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Strategy for the identification and breeding of resistance to dryland root rot complex for International spring and winter wheat breeding programs.

Julie Nicol1, S. Ahmet Bagci2, Hakan Hekimhan3, Berna Tunali4, Necmettin Bolat3, Hans Joachim Braun1 and Richard Trethowan1

1 CIMMYT International (International Wheat and Maize Improvement Center), PK 39 Emek, Ankara, 06511, Turkey.
Email jnicol@cgiar.org, www.cimmyt.org
2
Selcuk University, Sarayonu, Konya, Turkey, bagcia@hotmail.com
3
MARA (Turkish Ministry of Agriculture and Rural Affairs), BDIARI (Bahri Dağdaş International Agricultural Research
Institute), Eregli Yolu 7. km,P.K 125, Karatay, Konya, Turkey. hakanhekimhan@hotmail.com
4
PPI (Plant Protection Central Research Institute), Bagdat Street, Number.250, Yenimahalle, Ankara, Turkey.
bernatunali@hotmail.com

Abstract

Root, crown and foot root rots, including the complex of Crown Rot Fusarium (F. psuedogramiearum, F. culmorum) and Common Root Rot (Bipolaris sorokinana) are causing economic yield loss in many parts of the world where cereals predominate the cropping system and sub-optimal growing conditions and rainfed or limited irrigation practices are common. CIMMYT in collaboration with the Turkish Ministry of Agriculture and Rural Affairs have established an International field and laboratory screening program for identifying spring and winter wheat accessions with resistance to these root pathogens. Assessment of tolerance with the most promising lines is also occurring to identify accessions with combined resistance and tolerance. The strategy in place is described with reference to subsequent breeding and seed dissemination in addition to some of the most promising lines identified.

Media Summary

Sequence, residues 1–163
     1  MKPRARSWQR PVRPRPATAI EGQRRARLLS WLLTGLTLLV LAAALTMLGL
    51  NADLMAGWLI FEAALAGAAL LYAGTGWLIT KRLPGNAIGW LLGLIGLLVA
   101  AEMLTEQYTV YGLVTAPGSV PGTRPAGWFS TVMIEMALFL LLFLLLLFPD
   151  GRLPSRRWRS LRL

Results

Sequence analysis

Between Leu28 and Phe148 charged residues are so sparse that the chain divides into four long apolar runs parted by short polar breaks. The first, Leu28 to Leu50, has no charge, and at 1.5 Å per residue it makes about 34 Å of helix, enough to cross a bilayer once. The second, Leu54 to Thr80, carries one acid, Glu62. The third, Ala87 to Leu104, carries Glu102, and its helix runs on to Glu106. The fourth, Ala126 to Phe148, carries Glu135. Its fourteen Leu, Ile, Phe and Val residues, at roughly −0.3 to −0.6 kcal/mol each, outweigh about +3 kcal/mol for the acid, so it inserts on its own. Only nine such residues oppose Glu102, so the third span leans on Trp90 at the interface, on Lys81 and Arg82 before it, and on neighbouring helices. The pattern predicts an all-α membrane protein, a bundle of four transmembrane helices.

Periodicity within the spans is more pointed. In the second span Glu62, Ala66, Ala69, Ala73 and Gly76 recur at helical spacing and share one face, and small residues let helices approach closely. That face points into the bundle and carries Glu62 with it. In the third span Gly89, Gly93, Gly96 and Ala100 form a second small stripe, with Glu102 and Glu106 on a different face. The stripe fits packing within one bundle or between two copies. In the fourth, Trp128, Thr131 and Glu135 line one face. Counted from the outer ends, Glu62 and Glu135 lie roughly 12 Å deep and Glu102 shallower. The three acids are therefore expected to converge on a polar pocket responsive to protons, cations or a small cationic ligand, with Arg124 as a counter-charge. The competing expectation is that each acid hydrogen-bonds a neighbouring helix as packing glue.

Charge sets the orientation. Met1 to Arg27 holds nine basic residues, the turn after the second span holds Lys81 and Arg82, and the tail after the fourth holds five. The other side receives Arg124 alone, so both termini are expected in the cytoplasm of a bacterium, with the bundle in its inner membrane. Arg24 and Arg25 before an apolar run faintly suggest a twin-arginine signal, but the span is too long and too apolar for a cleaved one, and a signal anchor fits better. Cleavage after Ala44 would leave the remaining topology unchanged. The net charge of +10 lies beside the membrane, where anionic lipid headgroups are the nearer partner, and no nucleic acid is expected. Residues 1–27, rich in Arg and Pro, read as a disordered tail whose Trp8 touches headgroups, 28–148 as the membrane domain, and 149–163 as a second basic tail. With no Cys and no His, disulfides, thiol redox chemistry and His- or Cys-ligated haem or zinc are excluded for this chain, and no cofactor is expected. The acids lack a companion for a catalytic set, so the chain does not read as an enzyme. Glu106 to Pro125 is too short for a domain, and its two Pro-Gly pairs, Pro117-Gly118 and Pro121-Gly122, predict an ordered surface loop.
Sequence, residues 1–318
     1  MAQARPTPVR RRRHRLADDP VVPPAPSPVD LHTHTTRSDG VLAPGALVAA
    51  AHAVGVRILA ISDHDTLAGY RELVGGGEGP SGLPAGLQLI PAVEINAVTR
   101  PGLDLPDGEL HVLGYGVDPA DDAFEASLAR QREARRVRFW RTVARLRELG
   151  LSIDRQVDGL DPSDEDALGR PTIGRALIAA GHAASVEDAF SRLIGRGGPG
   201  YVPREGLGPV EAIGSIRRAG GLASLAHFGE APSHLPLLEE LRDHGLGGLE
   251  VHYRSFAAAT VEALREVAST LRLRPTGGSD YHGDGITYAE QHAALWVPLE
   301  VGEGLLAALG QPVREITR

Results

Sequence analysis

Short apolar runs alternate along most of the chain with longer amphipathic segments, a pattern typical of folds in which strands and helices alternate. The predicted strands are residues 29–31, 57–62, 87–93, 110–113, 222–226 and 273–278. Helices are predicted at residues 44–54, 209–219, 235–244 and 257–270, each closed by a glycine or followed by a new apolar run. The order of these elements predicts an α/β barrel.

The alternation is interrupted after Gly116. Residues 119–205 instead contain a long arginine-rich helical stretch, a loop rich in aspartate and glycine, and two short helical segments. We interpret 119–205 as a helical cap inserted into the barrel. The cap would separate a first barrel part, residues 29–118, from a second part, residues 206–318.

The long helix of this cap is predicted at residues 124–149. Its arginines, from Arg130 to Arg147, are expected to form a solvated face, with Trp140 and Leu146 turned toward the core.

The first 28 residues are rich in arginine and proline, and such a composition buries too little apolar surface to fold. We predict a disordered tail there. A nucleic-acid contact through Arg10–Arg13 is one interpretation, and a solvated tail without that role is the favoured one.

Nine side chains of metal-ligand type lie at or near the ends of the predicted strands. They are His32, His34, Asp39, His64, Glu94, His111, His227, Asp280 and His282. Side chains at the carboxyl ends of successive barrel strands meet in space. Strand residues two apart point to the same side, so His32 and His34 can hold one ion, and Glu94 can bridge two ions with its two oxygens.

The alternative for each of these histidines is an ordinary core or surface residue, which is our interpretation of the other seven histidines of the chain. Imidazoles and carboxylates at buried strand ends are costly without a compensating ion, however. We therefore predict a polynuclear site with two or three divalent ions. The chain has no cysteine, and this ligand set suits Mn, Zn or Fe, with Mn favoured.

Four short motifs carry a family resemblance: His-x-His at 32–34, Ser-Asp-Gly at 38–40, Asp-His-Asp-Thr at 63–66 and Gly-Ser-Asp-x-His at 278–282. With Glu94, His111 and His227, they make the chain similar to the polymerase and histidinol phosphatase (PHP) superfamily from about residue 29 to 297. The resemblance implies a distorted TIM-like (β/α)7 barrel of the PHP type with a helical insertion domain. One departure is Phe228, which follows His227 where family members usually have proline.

The strategy used to identify and develop new sources winter and spring wheat with resistance to the dryland root rot complex (Fusarium pseudograminearum, F. culmorum and Bipolaris sorokinana) for International Spring and Winter Wheat nurseries .

Key Words

Wheat, root rot, resistance, dryland, breeding, tolerance.

Introduction

Root, crown, or foot root rots are one of the important diseases of cereals worldwide where cereal predominated rotations, sub-optimal growing conditions and rainfed or limited irrigation practices are common. Dryland Root Rots generally include a complex of species such as Common Root Rot (Bipolaris sorokiniana (syns. Helminthosporium sativum, H. sorokinianum, Teleomorph Cochliobolus sativus (Ito &Kurib.) Dresch.ex Dast.)), and several species of Crown Root (Fusarium spp.). The two most reported Fusarium species are F. pseudograminearum (formerly F. graminearum Group 1, Teleomorph Gibberella coronicola) and F. culmorum, while several others such as F. acuminatum, F. avenaceum and F. crookwellense have also been reported.

Yield loss caused by these Cereal Root Pathogens has been documented in many regions of the world including Europe, America and in particular the more marginal cereal production areas of West Asia, North Africa, Australia and Canada and are reported between 3-50% (Diehl et al., 1983; Tinline et al., 1988; Wildermuth et al., 1992; Nicol et al. 2001; Hekimham et al., 2004; Nicol, In Press). Considering the similarity in WANA (West Asia and North Africa), parts of South America, South Africa and other parts of the world in relation to cropping patterns and climate, it is likely that soil borne pathogens cause important economic losses on wheat, in particular under rainfed and limited irrigation conditions around the world.

In less developed countries biotic and abiotic soil-borne problems receive much less attention than other types of stresses due to their chronic and endemic nature, and difficulty in working with the soil medium. Resistance, which is defined as a reduction in the multiplication of the pathogen, is one of the best methods to control these diseases. Currently there are no known effective sources of resistance against dryland root rot pathogens available in commercially grown wheat varieties. Furthermore the current sources of resistance are generally in unadapted germplasm that will require considerable breeding investment to produce an adapted variety. Hence a precise laboratory/field breeding strategy has been developed to identify and incorporate new sources of resistance, particularly those identified from highly adapted backgrounds.